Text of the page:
According to Mike Downy, “the absolute reference person in European cinema” in Cienfuegos’ words, around 2000 films are made every year. And there is a duty to express through cinema the cultural diversity of the different corners of the continent, but quantity should not be at odds with the quality of the films.

Before COVID / after COVID

That the coronavirus pandemic marked a before and after in the world of cinema is a constant in any meeting between members of the industry. The platforms, after doing their commendable job of replacing the big screen, do not seem willing to let go of the viewers, who do not end up returning to the theaters.

Against this backdrop, Downy has advocated for taking care of the health of distribution and striving for a better balance with production. “The end of production is its screening in theaters. Money always follows production: if the idea is good, there will be financing.”

Saura alluded to “the platforming of taste” as one of the current dangers: making films that correspond to what the algorithms have detected as the majority taste. But, almost at the other extreme, something similar can happen with festivals. “What is the key to freeing ourselves from the label ‘festival film’?”, Cienfuegos pitched. “Maybe we should redo that label. But first there has to be a good story and then distributors have to make the leap for films to travel outside the borders,” said Staleva.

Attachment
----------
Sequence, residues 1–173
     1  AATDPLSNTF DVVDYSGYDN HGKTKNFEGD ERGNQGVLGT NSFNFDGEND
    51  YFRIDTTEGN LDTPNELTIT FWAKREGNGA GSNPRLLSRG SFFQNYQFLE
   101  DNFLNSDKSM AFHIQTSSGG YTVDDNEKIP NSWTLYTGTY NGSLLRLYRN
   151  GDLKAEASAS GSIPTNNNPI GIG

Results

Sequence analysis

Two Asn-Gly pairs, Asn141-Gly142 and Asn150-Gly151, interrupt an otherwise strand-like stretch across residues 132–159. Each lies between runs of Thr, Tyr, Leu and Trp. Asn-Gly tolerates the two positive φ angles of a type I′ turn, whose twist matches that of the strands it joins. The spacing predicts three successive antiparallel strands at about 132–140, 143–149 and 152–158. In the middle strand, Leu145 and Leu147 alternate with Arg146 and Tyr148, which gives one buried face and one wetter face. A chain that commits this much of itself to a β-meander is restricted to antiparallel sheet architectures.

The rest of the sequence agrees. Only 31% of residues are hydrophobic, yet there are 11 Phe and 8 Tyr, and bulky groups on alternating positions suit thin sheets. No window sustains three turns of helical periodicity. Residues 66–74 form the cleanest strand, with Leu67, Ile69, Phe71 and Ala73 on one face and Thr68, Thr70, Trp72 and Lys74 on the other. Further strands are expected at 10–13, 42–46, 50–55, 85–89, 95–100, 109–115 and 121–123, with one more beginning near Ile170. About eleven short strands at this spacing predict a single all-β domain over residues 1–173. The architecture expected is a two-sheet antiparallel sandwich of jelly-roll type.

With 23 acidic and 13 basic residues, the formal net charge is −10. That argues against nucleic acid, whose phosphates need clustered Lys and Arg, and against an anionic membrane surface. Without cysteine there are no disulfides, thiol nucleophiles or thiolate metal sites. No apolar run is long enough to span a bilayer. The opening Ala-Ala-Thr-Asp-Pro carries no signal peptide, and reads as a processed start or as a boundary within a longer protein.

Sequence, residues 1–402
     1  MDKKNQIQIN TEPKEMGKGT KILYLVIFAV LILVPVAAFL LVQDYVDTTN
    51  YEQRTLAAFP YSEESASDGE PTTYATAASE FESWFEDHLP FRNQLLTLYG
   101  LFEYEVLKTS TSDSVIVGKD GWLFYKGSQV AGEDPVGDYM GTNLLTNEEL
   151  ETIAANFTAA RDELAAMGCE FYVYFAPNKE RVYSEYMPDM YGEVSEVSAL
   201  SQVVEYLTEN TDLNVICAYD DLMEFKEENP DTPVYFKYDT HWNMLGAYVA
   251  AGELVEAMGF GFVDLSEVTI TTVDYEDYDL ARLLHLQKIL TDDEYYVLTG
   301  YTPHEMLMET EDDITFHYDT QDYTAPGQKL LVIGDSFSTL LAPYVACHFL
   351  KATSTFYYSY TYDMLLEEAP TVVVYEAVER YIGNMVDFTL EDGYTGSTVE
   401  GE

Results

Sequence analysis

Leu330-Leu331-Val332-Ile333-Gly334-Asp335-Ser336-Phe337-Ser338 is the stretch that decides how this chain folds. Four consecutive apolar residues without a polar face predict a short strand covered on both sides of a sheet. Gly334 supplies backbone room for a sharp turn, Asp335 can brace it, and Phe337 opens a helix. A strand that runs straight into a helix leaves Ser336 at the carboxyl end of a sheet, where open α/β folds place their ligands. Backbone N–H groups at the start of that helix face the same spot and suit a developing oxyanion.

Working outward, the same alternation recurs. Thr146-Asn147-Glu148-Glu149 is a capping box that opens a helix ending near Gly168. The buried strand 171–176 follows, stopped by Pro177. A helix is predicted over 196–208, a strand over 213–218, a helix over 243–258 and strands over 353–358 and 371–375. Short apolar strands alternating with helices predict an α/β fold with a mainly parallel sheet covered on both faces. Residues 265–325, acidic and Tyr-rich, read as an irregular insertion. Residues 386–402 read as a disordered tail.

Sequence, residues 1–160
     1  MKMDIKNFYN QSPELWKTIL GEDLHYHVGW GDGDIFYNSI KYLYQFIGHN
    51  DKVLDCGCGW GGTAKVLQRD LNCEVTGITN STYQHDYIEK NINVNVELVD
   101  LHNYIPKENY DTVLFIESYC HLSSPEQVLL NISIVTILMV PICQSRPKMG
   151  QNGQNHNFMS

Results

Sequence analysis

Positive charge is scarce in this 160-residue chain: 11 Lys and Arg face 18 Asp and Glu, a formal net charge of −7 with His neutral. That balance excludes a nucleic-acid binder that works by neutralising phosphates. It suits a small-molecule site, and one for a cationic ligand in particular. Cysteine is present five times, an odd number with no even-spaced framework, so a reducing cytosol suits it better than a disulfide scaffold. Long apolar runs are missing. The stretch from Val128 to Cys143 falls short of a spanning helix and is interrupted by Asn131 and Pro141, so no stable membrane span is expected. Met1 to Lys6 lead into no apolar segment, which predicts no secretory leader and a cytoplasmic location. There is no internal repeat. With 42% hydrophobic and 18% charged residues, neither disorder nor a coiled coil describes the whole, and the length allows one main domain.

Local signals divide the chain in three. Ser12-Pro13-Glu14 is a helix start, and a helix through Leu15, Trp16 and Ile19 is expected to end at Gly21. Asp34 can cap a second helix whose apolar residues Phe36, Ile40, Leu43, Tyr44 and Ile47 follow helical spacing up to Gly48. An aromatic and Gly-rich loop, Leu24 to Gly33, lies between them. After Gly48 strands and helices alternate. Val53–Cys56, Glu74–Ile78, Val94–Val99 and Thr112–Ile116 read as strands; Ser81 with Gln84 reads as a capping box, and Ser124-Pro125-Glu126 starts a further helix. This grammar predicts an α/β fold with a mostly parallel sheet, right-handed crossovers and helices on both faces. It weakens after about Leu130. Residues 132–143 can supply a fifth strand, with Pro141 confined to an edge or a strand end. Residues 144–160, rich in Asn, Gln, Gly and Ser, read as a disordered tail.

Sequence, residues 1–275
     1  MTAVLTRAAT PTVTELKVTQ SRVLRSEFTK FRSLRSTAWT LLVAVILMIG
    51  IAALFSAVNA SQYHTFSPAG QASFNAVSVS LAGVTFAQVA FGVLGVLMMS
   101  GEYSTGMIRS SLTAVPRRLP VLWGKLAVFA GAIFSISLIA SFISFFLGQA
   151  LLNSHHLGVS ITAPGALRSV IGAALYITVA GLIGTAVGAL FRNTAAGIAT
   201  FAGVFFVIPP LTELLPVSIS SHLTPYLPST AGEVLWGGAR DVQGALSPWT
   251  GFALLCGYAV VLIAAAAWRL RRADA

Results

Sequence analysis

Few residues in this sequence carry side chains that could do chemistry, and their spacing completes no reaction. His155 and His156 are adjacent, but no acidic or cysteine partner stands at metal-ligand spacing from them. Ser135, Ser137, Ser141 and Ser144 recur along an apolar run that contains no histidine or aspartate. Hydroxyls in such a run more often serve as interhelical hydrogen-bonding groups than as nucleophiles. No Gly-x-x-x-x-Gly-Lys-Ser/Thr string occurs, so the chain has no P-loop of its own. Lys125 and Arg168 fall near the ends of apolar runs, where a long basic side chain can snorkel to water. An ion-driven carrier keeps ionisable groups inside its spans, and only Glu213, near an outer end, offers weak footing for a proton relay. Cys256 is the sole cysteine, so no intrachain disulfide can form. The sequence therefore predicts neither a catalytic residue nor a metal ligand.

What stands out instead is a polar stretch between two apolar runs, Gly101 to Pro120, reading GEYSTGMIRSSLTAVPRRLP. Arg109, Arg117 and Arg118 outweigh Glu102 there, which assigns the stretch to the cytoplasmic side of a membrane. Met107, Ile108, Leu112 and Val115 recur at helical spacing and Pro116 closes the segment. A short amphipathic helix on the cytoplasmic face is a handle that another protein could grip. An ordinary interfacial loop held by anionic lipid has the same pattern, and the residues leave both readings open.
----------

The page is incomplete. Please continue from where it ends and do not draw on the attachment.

The changing world of distribution finds its perfect parallel in another area equally shaken by the digital revolution: the media. This would be the great third leg, along with distribution and production, in the path between the filmmaker and the spectator. Saura, in this case, has offered the key: “Internet has democratized information, but has dispersed the impact of the news”.

Major auteur film production companies

The afternoon session featured two women, both producers, Ada Solomon and Andrea Queralt, moderated by Carolina Martínez. And the question fell under its own weight: what do women producers look for when supporting an idea?